Finally, if we are really interested in understanding all the aspects of the paper and answering some open questions looming in our heads. In that case, it's a good idea to read the appendix now. (I usually skim over the appendix at least, but since it is almost 20 pages long, I am skipping it in the discussion here for brevity.)
Preferred paper-reading formats
When I want to read papers very carefully and soak up all the details, I usually print the paper so that I can read it away from my computer, which allows me to focus better. I do this only for ~5% of the papers I read. For 70% of the papers, I export the PDF to my e-reader, which I love -- unfortunately, it doesn't have color, though, which can sometimes (but rarely) be annoying for specific figures. Then, 25% of the time, when I quickly read through a paper, I read the PDF on my computer.
I hope this was helpful, and please feel free to ask questions in the comments section!
Machine Learning Humor
Are you interested in more AI-related news, musings, and educational material but don't want to wait until the next newsletter issue? Follow me on Twitter, LinkedIn, or check out my books.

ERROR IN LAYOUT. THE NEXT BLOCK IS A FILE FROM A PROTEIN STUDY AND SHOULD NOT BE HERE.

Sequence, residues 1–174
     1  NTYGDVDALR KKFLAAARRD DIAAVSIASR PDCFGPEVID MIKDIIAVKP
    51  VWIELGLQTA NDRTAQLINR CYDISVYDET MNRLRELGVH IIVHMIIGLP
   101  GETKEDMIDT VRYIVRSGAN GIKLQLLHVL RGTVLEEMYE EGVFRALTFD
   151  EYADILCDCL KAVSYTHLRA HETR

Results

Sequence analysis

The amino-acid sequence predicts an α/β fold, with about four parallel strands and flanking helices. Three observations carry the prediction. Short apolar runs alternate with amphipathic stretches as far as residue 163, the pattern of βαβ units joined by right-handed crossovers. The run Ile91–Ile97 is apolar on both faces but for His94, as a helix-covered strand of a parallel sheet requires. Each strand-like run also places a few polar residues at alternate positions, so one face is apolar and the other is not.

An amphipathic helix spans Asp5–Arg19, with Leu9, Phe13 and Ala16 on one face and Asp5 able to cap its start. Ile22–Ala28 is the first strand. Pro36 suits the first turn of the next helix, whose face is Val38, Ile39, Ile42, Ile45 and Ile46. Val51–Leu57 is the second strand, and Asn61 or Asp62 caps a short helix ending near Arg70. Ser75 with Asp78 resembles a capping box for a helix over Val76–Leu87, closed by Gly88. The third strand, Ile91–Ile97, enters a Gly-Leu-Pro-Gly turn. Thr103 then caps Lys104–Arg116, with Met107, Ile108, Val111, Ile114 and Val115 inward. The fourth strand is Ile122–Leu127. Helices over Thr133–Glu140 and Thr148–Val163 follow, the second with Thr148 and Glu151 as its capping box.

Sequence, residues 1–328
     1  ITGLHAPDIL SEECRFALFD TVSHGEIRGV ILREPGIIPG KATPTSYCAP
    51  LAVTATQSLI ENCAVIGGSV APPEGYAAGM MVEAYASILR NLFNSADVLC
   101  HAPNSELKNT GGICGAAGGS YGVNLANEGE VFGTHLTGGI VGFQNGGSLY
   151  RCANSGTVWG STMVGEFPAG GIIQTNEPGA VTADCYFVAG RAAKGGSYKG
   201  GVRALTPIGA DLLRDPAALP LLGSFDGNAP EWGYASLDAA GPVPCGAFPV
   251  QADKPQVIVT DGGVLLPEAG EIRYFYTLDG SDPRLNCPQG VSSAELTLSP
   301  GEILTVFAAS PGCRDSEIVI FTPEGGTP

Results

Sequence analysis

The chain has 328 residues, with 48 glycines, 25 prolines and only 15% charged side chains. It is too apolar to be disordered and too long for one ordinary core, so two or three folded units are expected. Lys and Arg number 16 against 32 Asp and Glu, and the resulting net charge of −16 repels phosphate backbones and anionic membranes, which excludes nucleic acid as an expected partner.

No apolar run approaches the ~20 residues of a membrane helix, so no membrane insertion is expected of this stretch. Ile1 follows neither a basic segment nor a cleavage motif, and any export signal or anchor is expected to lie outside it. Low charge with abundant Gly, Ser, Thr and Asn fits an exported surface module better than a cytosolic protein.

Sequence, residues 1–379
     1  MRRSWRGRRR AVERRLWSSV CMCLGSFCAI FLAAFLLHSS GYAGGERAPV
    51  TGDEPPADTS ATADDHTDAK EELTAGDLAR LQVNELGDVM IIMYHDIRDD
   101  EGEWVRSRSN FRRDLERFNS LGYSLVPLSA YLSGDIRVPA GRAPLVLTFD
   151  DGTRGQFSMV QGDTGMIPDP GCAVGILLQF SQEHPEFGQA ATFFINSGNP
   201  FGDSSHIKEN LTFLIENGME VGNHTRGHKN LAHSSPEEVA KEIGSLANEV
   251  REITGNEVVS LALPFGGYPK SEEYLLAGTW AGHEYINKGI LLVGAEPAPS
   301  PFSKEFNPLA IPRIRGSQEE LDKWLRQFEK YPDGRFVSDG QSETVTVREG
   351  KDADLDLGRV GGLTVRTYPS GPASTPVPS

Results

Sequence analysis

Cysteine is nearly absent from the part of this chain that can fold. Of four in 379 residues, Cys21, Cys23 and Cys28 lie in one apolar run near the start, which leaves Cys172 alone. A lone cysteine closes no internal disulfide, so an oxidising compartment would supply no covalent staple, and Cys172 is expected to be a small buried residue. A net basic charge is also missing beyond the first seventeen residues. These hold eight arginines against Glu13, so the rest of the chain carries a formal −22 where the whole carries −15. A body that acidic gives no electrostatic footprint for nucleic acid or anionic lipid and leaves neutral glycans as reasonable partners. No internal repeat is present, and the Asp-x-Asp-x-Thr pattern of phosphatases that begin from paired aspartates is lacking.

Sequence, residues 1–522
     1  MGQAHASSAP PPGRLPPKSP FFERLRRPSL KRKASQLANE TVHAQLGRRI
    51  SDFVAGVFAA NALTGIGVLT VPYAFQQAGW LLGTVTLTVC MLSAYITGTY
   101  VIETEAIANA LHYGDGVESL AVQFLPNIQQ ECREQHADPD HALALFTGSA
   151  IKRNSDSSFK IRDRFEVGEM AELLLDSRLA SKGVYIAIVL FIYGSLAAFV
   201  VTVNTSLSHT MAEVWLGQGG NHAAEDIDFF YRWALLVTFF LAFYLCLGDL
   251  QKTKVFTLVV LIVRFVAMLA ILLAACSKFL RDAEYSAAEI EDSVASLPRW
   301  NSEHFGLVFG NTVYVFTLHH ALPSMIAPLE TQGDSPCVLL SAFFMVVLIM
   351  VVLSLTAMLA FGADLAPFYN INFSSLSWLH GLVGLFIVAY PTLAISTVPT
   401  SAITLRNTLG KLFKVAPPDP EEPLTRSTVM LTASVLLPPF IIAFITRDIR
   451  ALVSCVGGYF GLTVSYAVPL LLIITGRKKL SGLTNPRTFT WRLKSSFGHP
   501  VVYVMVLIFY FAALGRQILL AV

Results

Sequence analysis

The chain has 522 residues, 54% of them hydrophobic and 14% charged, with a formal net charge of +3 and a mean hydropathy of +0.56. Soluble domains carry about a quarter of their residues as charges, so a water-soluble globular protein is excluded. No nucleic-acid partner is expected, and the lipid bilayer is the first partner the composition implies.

Thank you to those who have reached out asking how they can support Ahead of AI. While this newsletter is free and unabbreviated, there is a paid subscription option on Substack for those who would like to support it.
Ahead of AI is a reader-supported publication. To receive new posts and support my work, consider becoming a free or paid subscriber.
Thanks for the post. I do the same with most of my note taking. I rarely revisit my notes but taking them is so helpful for organizing my thoughts and understanding of the topics.
Hi Dr. Raschka,
Thank you for your insightful post, particularly the section on "Study & Productivity Tips: Reading a Research Paper." I have a question about your approach. Could you please explain how you use Anki to review and study papers effectively?